Document Type

Journal Article


Lippincott Williams & Wilkins


Faculty of Computing, Health and Science


School of Exercise and Health Sciences




This is a non-final version of an article published in final form as: Sheppard, J.M., & Newton, R. (2012). Long-term training adaptations in elite male volleyball players. Journal of Strength and Conditioning Research, 26 (8), 2180-2184. Original article available here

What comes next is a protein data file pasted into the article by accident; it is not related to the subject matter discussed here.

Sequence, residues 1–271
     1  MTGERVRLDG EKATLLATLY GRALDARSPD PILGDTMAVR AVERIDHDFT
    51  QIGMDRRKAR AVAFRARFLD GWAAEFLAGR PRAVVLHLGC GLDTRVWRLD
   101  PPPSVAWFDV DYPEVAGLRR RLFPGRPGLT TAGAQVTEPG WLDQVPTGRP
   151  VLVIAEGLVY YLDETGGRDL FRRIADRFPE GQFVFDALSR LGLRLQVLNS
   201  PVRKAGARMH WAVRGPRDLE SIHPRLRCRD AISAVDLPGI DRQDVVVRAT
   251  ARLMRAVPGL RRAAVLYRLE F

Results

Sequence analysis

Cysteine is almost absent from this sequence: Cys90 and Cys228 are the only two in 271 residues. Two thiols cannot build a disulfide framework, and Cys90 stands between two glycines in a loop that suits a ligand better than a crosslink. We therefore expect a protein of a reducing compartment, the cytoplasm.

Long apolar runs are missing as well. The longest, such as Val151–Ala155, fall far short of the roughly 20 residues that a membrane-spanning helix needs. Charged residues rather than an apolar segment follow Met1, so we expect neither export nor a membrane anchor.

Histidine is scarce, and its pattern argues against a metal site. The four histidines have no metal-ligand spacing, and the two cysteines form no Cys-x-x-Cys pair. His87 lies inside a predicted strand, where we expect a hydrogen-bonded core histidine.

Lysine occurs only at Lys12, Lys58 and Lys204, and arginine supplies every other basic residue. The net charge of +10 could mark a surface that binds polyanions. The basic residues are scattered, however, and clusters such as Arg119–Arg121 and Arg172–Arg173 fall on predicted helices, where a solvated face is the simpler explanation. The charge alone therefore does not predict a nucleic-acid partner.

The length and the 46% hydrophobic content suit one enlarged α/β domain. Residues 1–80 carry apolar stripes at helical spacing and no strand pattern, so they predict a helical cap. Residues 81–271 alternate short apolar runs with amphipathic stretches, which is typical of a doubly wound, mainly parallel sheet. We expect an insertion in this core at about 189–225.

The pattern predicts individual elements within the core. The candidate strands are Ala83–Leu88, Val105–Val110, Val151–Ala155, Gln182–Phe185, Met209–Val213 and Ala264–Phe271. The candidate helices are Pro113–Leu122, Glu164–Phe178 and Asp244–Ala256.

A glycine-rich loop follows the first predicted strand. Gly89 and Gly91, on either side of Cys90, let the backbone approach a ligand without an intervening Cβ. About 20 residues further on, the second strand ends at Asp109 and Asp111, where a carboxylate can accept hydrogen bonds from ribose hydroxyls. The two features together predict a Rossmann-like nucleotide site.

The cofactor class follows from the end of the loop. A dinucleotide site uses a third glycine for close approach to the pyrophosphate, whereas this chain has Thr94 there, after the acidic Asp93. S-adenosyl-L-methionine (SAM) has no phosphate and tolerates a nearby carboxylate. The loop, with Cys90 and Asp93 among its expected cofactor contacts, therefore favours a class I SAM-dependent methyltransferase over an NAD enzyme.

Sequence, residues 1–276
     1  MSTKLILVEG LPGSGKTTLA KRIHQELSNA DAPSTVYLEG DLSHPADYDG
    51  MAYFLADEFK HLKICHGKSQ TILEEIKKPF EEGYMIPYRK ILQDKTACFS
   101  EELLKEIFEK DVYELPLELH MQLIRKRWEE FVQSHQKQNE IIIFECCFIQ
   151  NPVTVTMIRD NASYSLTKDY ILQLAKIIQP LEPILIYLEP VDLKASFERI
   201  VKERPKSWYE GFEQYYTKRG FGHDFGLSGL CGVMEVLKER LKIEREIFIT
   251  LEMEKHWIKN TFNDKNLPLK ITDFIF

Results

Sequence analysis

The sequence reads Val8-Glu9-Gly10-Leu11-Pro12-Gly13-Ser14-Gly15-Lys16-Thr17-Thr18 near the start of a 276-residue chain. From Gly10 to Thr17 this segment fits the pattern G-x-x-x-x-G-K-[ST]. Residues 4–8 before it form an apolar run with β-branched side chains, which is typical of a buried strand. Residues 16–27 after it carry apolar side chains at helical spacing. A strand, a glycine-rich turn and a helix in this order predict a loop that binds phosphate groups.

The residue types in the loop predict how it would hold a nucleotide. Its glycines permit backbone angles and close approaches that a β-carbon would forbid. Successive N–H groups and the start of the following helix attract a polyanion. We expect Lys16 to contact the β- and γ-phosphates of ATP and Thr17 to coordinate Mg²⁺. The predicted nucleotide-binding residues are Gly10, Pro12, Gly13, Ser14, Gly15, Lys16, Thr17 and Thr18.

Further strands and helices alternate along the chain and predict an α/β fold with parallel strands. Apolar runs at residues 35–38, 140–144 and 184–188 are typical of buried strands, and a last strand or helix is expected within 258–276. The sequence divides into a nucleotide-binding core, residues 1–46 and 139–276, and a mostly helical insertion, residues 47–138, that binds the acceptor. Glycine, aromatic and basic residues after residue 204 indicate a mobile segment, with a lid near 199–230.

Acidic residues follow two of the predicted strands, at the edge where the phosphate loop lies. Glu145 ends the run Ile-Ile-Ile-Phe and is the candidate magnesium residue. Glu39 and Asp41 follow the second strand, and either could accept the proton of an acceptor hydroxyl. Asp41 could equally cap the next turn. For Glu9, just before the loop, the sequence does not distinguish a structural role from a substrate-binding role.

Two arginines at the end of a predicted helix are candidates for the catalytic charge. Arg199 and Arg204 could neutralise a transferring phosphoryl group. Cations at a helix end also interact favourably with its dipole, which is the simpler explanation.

Abstract: Sheppard, JM, and Newton, RU. Long-term training adaptations in elite male volleyball players. J Strength Cond Res 26(8): 2180–2184, 2012—Several investigations have demonstrated differences in anthropometry, jump performance, and strength variables between developmental and elite-level volleyball players. However, within the elite level of play, the magnitude of change that can occur with training is unclear. The purpose of this investigation was to examine the anthropometric, vertical jump, and strength quality changes over 2 years in a group of national team volleyball players. Fourteen national team volleyball players (age, 23.0 ± 4.1 years; height, 1.98 ± 0.07 m; weight, 91.7 ± 7.9 kg) began and completed this study. Participants had all played international matches (representing Australia) before the examination time period and continued to do so during the international season. Anthropometry (stature, mass, and sum of 7 skinfolds), vertical jump measures (countermovement vertical jump; depth jump from 0.35 m, DJ; spike jump, SPJ, all including arm swing), and lower-body power (jump squat at body mass, and jump squat + 50% body weight, JS50) measures were tested before and at the conclusion of the investigation period. Significant (p < 0.05) improvements were observed in sum of 7 skinfolds, DJ, SPJ, and JS50 performance, with large magnitude changes (d > 0.70) in the sum of 7 skinfolds reduction, SPJ, and leg extensor power. This study has demonstrated that elite male volleyball players can improve leanness and power, which contribute to improvements in vertical jump.



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